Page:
For hematopoietic progenitor cell (HPC) engraftment to be successful, it is believed that these cells must migrate to and engraft within the bone marrow. Traditional intravenous (IV) injection of HPCs seems to leave much of this up to chance. In fact, several clinical trials are investigating a direct delivery alternative that employs intrabone injection to deposit the cells into the bone marrow itself. Direct intrabone injection also bypasses a common pitfall of IV injection, where cells become trapped in the pulmonary vasculature. Although successful engraftment has been demonstrated with intrabone injection, limitations have also been discovered: for example, the current technique punctures the bone multiple times, leading to leakage of cells into surrounding tissue – compromising the goal of direct delivery. Having cells trapped by the pulmonary vasculature or lost via leakage from the marrow can become problematic when cells are limited, as when using UCB – particularly since UCB HPCs migrate to the bone marrow less efficiently than those from non-UCB sources.
Convinced of the potential benefits of direct delivery, Dr. Pantin and collaborators from the National Institutes of Health wanted to take technique optimization a step or two further. To do so, they made a number of changes. First, they developed and optimized a cell labeling method for tracking human HPCs. Conventional HPC labeling uses 111In oxine, which carries high doses of radiation that could in turn compromise cell function and viability. Single-photon emission computerized tomography (SPECT) images from this single photon emitter lack resolution and sensitivity. In contrast, Dr. Pantin’s group instead labeled HPCs with a positron emitter, 89Zr. The halflife of 89Zr permits week-long tracking, and positron emission tomography (PET) scanners produce sensitive images (ten times that of SPECT cameras) with higher resolution, requiring lower doses of radioactivity and preserving cell viability. They found that superimposed PET and CT images provide an accurate map of injected cells.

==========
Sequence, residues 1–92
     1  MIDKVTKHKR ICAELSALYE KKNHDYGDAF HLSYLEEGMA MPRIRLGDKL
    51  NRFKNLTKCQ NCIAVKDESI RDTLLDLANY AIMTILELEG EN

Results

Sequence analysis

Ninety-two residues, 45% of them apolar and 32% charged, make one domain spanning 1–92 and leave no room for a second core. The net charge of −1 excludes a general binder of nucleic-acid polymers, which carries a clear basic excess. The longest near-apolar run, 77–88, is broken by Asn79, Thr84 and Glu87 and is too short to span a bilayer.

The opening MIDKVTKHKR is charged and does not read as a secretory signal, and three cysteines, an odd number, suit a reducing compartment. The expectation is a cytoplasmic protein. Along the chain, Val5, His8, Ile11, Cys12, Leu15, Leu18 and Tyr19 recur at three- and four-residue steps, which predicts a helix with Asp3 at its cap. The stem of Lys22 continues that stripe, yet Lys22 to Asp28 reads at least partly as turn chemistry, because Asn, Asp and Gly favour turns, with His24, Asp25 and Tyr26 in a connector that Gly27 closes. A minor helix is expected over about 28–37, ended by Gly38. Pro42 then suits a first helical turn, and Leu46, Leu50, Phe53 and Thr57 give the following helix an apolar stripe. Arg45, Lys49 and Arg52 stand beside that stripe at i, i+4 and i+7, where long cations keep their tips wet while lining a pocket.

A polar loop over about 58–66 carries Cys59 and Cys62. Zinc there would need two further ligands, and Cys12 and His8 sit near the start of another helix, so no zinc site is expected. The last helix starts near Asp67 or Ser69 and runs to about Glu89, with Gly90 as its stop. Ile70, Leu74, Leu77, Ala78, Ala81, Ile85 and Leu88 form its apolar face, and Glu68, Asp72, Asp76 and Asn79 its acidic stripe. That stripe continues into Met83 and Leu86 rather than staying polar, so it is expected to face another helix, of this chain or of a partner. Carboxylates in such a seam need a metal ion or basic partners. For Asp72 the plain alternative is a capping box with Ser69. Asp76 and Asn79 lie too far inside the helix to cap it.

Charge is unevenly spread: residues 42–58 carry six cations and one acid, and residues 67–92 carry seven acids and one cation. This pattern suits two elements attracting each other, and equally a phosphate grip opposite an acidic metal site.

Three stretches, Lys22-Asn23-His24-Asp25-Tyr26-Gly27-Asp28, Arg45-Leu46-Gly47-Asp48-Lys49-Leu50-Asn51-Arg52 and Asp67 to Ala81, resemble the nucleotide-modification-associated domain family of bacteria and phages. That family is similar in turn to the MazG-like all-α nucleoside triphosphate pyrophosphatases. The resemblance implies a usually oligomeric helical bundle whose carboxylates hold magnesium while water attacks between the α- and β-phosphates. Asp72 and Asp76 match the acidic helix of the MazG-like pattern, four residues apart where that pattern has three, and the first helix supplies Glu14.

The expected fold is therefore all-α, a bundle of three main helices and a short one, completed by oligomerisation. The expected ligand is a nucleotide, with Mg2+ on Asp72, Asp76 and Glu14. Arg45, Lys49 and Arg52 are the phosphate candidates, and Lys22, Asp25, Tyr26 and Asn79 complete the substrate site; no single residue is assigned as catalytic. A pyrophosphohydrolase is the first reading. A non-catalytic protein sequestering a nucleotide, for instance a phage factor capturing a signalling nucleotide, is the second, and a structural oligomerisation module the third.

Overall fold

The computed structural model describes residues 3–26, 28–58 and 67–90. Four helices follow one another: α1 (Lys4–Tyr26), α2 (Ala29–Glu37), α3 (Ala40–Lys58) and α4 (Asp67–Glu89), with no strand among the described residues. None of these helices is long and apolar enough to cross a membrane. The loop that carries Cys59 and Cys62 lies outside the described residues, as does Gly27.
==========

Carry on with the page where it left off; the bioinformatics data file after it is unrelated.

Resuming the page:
Dr. Pantin and colleagues then used this tracking system to study the cell transfer technique. For one thing, they discovered that injections by hand induced high pressures in the marrow, squeezing cells rapidly into the bloodstream. This led to modifying the injection needle by introducing side openings to facilitate low-pressure cell release. Developing a mechanized pump to monitor and control injection pressure, volumes, and flow rate, they eliminated the need for serial injections, successfully optimized intrabone HPC delivery, and improved retention of HPCs in the bone marrow.
Dr. Pantin is hopeful “this will change the way we do clinical transplantation” and is eager to pioneer this approach at GRU.